When you consider the concept of talent development and matching the right people with the right jobs – jobs they enjoy, are good at, that provide the right level of income and flexibility you probably think of college courses, training programs, internships, perhaps books that tell you what color your parachute is.
Particularly if you don't have children, quality child care might not occur to you as an important element. Yet for any parent or guardian, it's a big consideration.
Keeping Talented Educators in the Workforce
Chambliss Center for Children operates classrooms in Hamilton County schools for teachers’ children. It began as a retention effort with the Hamilton County Board of Education when they noticed a common sentiment in teacher exit interviews.
“The best teachers were leaving within a few years of being in the profession when they began having children, but said they’d be willing to stay with access to more convenient child care,” Acord says. “Our child care in schools is a win-win for everyone — teachers get affordable, convenient child care; the children have a quality early learning experience; and the Department of Education saves the costs associated with recruiting, hiring and training new teachers.”
Chambliss launched this program at Normal Park Museum Magnet School in the ’90s. They’re now up to 12 schools which accommodate 12 kids in each class, and cost is based on each site’s salaries to maintain affordability.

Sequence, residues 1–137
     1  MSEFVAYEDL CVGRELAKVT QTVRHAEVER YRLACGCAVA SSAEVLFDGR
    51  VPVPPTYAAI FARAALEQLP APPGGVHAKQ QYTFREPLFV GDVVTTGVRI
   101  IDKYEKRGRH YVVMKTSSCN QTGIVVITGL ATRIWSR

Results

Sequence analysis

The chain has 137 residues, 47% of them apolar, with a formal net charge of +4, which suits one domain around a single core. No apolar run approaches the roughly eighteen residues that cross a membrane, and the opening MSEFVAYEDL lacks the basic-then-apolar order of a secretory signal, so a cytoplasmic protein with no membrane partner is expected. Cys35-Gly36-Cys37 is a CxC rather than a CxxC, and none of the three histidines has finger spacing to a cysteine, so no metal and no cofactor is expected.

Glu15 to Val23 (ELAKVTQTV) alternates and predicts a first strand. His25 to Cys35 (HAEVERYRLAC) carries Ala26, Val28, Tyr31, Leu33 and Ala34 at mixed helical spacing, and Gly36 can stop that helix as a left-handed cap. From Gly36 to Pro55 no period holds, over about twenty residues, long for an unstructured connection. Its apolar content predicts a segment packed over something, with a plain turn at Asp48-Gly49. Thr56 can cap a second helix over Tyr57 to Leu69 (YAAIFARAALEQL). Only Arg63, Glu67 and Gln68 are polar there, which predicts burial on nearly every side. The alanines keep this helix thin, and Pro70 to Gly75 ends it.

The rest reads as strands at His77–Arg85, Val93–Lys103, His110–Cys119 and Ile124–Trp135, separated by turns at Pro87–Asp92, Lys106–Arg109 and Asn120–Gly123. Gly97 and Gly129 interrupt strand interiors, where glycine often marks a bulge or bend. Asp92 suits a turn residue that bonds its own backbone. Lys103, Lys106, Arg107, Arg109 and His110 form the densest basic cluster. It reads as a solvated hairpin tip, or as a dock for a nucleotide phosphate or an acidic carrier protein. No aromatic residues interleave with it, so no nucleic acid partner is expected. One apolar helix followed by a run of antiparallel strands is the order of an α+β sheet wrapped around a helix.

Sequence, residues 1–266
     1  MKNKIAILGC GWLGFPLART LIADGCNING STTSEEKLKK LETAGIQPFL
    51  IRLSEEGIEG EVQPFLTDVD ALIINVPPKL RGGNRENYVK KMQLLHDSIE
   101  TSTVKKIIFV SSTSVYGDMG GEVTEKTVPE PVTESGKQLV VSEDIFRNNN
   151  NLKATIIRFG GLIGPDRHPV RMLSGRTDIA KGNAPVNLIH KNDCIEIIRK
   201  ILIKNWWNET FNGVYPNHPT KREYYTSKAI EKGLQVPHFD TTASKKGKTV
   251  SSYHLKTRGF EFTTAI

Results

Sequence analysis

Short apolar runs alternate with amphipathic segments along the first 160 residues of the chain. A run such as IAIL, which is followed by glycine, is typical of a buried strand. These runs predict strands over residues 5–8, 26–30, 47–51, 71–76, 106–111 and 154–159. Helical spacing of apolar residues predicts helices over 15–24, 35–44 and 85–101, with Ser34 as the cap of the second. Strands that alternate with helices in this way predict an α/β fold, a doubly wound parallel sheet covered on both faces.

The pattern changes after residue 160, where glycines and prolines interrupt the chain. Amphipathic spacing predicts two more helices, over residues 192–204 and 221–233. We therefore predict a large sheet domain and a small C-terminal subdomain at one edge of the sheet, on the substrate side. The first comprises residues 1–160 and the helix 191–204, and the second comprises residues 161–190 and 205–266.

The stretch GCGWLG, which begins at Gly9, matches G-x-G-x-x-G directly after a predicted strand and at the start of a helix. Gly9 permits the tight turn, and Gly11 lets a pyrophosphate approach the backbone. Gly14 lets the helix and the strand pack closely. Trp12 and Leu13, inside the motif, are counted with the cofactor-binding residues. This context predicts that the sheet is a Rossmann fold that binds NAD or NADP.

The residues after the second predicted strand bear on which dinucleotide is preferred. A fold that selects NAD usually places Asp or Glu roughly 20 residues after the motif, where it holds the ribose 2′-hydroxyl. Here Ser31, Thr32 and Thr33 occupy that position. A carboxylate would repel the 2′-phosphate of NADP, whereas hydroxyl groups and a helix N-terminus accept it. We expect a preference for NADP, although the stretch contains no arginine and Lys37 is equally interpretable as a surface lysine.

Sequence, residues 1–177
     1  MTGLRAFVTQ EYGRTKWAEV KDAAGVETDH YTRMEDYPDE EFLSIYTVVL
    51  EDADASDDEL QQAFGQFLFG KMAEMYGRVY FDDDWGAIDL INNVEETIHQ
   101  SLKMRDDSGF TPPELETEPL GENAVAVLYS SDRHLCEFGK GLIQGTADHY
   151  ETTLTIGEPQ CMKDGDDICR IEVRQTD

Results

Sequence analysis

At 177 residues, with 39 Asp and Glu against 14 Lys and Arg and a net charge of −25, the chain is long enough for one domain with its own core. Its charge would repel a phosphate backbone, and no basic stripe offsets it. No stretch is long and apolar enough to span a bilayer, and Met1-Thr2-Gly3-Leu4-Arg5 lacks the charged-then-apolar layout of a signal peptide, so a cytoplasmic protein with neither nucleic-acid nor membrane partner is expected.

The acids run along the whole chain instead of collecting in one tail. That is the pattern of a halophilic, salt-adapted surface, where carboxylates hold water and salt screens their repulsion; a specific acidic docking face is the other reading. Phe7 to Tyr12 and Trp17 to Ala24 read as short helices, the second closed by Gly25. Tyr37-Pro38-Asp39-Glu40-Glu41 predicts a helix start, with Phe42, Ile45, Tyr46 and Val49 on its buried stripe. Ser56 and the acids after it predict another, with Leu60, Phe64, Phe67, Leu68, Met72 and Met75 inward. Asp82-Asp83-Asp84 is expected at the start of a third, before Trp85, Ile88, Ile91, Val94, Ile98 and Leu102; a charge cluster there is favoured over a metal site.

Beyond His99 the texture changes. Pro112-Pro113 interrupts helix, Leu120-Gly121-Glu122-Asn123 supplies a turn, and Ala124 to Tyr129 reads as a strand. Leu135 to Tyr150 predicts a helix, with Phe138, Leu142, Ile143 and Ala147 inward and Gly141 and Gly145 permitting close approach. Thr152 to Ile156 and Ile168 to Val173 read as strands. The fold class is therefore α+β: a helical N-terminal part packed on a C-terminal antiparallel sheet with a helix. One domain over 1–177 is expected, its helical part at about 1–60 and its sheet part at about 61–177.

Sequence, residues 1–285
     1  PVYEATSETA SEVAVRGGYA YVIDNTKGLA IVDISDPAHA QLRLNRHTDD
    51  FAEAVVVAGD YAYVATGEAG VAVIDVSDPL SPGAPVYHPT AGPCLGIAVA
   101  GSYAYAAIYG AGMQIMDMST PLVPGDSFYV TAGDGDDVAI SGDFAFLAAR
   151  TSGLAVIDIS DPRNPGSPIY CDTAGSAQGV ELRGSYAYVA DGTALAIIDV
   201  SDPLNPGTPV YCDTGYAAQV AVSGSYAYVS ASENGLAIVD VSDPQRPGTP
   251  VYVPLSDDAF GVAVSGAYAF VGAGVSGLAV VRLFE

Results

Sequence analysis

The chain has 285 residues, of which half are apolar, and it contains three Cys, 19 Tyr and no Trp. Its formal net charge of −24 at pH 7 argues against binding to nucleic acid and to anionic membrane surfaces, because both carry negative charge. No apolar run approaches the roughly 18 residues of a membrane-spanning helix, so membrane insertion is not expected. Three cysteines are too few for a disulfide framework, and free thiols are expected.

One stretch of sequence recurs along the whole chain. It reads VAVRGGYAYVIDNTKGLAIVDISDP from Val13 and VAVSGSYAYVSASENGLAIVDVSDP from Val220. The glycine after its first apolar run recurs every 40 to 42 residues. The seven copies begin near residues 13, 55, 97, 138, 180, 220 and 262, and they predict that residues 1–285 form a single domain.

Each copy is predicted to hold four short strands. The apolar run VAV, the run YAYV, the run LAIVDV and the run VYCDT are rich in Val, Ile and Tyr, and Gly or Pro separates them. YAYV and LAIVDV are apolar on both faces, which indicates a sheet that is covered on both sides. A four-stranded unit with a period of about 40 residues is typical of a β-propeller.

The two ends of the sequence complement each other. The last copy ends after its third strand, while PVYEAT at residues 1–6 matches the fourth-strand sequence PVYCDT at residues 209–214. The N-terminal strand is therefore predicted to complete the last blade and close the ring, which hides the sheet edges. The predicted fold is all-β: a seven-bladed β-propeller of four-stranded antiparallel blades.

Michelle Pace, who cares for Lily, her 6-year-old granddaughter, works "a bunch of jobs" seven days a week, and child care has been difficult at times.
"I had family members watching her, but it was just not dependable," Pace says.
She works three jobs. She's a realtor, works 12-hour restaurant shifts Friday, Saturday and Sunday, and is a staff member at Memorial Hospital with shifts often starting at 5 a.m.
"Lily's gone to a few area daycare centers, but I was struggling because I couldn't work double shifts," Pace says. "People that have jobs that are not normal hours hospital workers, police officers, restaurant workers, it's so hard."
A co-worker at Memorial told Pace about Chambliss Center for Children and their 24-hour child care, including holidays and weekends. She's been bringing Lily to Chambliss for about six months and says "it's one of the best blessings that's ever happened."
"Chambliss kept us from being homeless. It allowed me to work enough so that we can make ends meet."
Supporting a Community's Child Care Needs
Chambliss Center for Children began in 1872 as a food and clothing pantry for orphaned girls in downtown Chattanooga. Soon it grew into an orphanage for boys and girls, with influxes of children during the yellow fever epidemic and the Great Depression. Many Depression-era orphans weren't abandoned because of their parents' death, but because they had to go elsewhere to seek work, and would often retrieve the children later.
As more children needed help, the agency moved to its current location in Brainerd in 1939. The area was rolling hills and farmland at that time.
You'll still see much of the original flooring and brick in the building. Light switches are up high so that little hands can't reach them. Hand rails on the stairs are low, and the stairs are difficult for adults to walk on, because they're small and shallow for short legs.